This research project explored attitudes and perceptions of patients and healthcare providers towards the use of antibacterial drugs developed for treatment of resistant organisms in a streamlined manner. Qualitative methods were chosen for this research because the open-ended nature of this methodology allows for a full exploration of the issues under investigation. A series of focus groups and in-depth telephone interviews, each lasting ∼1–2 hours, were conducted with two groups: (1) ‘patients/caregivers’ and (2) ‘physicians’ (detailed descriptions provided below).
Participants in the patient/caregiver group were recruited through flyers placed in clinics and other locations around Duke University Medical Center and other parts of Duke campus. The flyers explained the study and asked those who met study criteria to call if they were interested in participating in a focus group. Classified online advertisements were also placed on Craigslist in New York; Washington, DC; Philadelphia, Pennsylvania; and San Francisco, California to recruit participants for the patient/caregiver groups. Those who called were screened for eligibility (table 1) and scheduled into the appropriate group.
Participants in the physician group were contacted from a list of experts in relevant fields developed in consultation with the study research committee. These lists were developed by requesting members of our interdisciplinary project team, including those from FDA and the CTTI Steering Committee, to provide us with names of physician experts in the disciplines of infectious disease (ID), critical care, intensive care, pulmonary care and others (including hospitalists). These persons were then approached by the project manager and invited to participate in this study based on the recommendation of a project team member or CTTI Steering Committee member. We also used the services of Schlesinger Associates, a qualitative research recruiting firm specialising in physician recruitment, to identify and schedule some of the specialists.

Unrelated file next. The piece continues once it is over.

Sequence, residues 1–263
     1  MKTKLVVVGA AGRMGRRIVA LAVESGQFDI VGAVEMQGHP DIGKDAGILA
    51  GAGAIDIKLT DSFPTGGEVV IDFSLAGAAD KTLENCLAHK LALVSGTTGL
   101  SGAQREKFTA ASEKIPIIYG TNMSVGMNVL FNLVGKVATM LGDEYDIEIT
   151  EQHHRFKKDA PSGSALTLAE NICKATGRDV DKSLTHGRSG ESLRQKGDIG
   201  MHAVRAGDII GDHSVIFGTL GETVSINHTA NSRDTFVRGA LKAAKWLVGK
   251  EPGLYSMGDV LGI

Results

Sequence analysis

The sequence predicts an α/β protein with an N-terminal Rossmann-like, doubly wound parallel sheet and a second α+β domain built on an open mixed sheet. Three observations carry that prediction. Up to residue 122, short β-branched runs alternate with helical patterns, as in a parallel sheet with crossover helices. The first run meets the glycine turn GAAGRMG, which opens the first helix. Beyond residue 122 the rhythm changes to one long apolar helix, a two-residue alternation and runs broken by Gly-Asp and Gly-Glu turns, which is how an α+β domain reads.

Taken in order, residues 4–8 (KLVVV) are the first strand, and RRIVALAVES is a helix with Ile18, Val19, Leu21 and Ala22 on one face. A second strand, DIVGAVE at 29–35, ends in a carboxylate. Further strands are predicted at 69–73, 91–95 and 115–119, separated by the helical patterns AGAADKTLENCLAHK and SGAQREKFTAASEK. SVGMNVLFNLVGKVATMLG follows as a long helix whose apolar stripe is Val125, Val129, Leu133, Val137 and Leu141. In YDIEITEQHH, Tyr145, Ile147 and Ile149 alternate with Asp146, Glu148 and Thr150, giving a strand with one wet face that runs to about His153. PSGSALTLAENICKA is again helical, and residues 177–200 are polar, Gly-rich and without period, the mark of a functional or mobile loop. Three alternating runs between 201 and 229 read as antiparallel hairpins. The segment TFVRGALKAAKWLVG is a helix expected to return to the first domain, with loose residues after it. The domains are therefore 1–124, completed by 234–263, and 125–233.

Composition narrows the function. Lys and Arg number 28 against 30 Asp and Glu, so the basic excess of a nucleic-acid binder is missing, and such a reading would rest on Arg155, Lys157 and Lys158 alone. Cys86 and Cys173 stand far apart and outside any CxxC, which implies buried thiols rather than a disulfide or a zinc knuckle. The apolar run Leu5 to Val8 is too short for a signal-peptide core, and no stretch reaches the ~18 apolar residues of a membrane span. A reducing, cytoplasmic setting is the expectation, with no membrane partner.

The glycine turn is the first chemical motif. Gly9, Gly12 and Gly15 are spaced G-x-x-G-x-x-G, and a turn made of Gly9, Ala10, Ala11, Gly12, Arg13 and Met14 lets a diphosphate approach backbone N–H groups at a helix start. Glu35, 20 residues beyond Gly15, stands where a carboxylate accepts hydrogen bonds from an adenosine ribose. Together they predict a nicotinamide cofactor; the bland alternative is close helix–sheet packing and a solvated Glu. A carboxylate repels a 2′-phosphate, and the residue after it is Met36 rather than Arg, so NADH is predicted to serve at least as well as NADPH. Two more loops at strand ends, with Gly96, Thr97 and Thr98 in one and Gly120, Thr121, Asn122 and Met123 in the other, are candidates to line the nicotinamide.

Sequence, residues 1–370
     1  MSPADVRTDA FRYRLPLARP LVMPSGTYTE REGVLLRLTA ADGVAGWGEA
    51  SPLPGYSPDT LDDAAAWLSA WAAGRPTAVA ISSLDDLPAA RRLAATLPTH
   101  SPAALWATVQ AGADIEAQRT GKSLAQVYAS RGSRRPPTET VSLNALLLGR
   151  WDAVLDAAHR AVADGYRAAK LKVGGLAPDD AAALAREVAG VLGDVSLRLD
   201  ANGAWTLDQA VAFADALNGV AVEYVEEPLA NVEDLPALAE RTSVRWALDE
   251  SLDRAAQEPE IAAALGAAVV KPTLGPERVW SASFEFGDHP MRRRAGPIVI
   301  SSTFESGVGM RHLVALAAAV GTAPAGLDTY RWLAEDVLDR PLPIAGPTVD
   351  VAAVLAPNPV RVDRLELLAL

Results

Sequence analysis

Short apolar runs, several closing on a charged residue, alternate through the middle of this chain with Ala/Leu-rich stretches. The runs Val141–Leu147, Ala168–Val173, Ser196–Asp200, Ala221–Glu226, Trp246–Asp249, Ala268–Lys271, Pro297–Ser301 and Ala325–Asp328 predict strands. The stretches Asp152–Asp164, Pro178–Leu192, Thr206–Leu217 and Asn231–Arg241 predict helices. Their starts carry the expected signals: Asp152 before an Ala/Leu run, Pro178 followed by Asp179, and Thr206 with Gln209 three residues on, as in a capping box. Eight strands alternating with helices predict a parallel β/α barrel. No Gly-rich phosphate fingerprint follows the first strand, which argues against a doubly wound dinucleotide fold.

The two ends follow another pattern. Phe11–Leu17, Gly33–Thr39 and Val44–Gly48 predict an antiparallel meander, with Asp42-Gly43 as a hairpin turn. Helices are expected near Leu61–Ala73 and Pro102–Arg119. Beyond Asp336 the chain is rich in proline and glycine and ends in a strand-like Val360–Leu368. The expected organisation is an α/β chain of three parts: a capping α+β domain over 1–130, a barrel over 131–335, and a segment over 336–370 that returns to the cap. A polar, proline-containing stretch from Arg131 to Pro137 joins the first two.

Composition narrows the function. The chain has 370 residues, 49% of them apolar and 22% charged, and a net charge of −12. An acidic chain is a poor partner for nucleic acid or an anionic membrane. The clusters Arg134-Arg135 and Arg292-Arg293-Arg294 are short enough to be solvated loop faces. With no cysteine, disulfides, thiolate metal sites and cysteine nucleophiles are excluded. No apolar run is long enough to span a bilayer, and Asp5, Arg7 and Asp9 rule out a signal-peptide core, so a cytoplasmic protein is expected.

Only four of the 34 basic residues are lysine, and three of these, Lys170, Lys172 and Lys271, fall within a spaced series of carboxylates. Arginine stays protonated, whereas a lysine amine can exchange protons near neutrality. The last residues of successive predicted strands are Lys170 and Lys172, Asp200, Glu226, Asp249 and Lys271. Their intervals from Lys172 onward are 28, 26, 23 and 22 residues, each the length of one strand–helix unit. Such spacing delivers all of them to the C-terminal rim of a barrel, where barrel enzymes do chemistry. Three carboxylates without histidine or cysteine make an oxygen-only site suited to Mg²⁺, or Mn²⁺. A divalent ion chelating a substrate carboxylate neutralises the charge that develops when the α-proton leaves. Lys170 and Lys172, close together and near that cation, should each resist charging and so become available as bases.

Discussion guides and informational handouts for both groups were developed iteratively in consultation with the study research committee, which included representatives from the FDA, expert physicians and clinical investigators from the Duke Clinical Research Institute. All focus groups and in-depth interviews were conducted by an experienced independent social scientist and a professional moderator (DB). The researcher was a trained professional for whom this study represented her first qualitative study in this particular topic area; she was neutral regarding the topic area. Participants in the patient/caregiver focus groups were not given information about the study sponsor in an attempt to avoid introducing bias.16 ,17
The interviewer moderated three in-person focus groups at a conference room at the Duke Clinical Research Institute in Durham, North Carolina. In-person group sessions lasted ∼1.5–2 hours. An interview guide specific to the patient/caregiver group was used by the moderator to inform the course of the sessions but not necessarily followed point-by-point, based on the moderator's discretion. Remaining focus groups were conducted by telephone to obtain broader geographical distribution.